Mathew Baynton enjoys a loyal following among comedy fans for his work on Horrible Histories, Yonderland and The Wrong Mans.
The latter, an absurdist crime caper he made with James Corden for the BBC, has come to an end after two series –for creative reasons, yes, but also because Corden has now become a huge star in the US as the five-nights-a-week presenter of The Late Late Show.
“Even if we wanted to do more Wrong Mans, there wouldn’t be an opportunity to,” says Baynton. “So I kind of see that as a good thing in a way because it means we can’t be tempted into going back to it and possibly diluting it. As a concept it had two series and probably not much more as it starts to wear thin as a premise. Because we were proud of what we did, so we will both be moving on to other things.”
Is he at all surprised by Corden’s success in the US? After all, there must have been some doubts about whether he would crack it after the high profile fall of another Brit, the former Daily Mirror editor Piers Morgan….
“I don’t want to go into that but I think there’s a difference between them,” he says with a laugh.
“It’s no surprise to me. I think that’s a gig which would allow him to do the multifarious things, harness his many talents into one show. He’s at home in that.”
Finishing The Wrong Mans hasn’t heralded the end of the world. Well, not for Mat Baynton personally. But it’s a different matter for his new character: a hapless chap called Jamie who discovers on one awful day in his hometown of Slough that not only does he have a twin brother who has been committing cyber crime around the world, but that the police think he is the guilty party based on what appears to be conclusive DNA evidence.
Oh, and an incoming asteroid will see herald the obliteration of the world in 34 days.
“It’s so bold as a script,” enthuses Baynton. “It never holds back on doing the biggest and bolshiest. The hook is a bunch of guys in a bunker, how did they get there? It takes stories from all over the world and weaves them together, It’s really ambitious. It’s really tightly plotted, there are several stories going on concurrently.”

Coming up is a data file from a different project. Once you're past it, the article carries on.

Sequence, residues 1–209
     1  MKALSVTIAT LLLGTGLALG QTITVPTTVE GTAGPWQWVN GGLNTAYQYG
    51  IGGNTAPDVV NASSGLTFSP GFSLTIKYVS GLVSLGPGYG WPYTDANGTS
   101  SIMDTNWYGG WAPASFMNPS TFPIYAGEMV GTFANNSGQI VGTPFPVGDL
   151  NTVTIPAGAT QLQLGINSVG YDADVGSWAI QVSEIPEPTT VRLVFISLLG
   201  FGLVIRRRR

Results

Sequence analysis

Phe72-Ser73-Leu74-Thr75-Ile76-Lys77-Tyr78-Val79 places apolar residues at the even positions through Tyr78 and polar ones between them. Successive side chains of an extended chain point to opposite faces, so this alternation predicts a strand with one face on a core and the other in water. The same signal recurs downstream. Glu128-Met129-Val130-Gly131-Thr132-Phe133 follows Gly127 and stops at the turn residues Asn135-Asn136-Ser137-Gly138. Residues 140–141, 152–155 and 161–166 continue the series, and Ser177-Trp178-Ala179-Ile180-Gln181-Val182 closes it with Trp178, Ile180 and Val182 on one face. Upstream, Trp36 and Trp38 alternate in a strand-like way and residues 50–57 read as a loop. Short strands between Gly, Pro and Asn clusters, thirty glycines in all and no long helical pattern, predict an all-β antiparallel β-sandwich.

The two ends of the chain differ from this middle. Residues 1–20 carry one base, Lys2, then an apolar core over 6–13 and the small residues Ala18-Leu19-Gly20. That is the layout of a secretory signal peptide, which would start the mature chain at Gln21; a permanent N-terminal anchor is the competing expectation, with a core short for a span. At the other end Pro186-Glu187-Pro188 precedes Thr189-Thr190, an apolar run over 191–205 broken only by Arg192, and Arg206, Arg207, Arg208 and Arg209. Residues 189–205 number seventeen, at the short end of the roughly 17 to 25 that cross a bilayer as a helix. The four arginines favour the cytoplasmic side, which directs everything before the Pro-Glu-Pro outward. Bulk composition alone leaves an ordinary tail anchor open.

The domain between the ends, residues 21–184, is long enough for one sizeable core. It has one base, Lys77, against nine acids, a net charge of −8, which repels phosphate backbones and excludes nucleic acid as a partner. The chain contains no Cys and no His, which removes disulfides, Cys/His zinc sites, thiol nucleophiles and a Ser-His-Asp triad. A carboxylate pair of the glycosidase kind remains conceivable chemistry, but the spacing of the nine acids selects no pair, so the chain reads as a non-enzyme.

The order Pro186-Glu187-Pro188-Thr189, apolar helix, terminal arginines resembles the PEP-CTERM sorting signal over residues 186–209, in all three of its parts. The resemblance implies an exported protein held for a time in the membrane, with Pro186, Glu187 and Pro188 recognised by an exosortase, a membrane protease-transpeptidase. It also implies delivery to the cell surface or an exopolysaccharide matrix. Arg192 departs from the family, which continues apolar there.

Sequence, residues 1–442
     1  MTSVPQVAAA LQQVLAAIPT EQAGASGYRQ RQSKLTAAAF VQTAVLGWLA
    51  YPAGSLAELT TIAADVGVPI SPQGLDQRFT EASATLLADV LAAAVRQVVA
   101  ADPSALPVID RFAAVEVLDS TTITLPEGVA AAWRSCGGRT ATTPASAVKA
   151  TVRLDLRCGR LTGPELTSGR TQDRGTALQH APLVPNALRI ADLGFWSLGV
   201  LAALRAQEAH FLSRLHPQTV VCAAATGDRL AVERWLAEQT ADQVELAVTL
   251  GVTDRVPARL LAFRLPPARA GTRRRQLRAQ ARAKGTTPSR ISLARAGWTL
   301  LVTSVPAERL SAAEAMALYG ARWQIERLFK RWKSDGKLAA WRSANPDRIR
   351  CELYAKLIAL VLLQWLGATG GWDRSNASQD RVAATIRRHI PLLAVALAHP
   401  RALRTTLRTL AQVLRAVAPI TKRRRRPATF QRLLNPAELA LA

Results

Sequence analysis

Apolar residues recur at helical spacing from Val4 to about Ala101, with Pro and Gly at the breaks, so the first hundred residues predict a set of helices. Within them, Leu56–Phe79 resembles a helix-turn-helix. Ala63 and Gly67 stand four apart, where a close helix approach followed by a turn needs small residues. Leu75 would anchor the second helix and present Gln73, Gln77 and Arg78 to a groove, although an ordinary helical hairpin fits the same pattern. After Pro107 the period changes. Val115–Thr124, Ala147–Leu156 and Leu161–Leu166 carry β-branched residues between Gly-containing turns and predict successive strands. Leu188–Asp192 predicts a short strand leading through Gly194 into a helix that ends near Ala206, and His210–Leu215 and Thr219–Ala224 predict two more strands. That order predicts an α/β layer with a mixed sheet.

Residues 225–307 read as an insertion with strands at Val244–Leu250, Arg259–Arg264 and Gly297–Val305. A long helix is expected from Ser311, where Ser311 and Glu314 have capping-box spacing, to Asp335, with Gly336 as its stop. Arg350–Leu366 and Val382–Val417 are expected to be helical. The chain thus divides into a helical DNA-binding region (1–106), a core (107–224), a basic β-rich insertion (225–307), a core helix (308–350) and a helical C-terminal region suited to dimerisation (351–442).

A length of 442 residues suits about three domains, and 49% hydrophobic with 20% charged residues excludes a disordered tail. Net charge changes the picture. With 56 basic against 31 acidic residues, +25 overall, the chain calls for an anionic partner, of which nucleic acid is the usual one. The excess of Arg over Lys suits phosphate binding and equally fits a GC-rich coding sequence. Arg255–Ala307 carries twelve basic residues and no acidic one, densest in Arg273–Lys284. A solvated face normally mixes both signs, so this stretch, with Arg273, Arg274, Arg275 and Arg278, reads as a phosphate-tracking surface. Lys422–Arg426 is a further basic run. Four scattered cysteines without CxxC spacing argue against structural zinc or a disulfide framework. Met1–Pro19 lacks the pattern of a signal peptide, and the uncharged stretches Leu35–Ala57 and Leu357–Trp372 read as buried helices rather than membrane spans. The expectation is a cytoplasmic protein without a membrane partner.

Indeed there are. There is his mum, played by Pauline Quirke, and Rob Lowe’s swearing, chain-smoking Roman Catholic priest Father Jude who doesn’t necessarily believe in God and a plotline set in a US women’s prison. Paterson Joseph, who will be appearing alongside Baynton at this weekend’s Radio Times Festival, plays a US military man with a lot on his plate.
Baynton also has a lot on. He is currently writing a third series of Sky 1 comedy Yonderland and is hopeful that You, Me and the Apocalypse will survive beyond a first series.
Which leaves only one question: what would he do if the end of the world actually happened for real?
“I would round my family up and see if I can persuade them to be in one place together,” he reflects.
“The trouble comes from the fact that it’s a bit like Christmas when you decide where to go for with your partner. Would we go to my parents or your parents? You have got to make a choice. I could imagine the end of the world getting to a point where everybody is really offended about who everyone is choosing to be with.
“It’s a miserable time anyway. But it’s made more miserable by that fact that people will be going ‘why aren’t you staying with me? Why are you choosing to be with your mum?’ I imagine the end of the world would be just a round of bickering.”
You, Me and the Apocalypse will air on Sky 1 on Wednesday September 30th at 9pm
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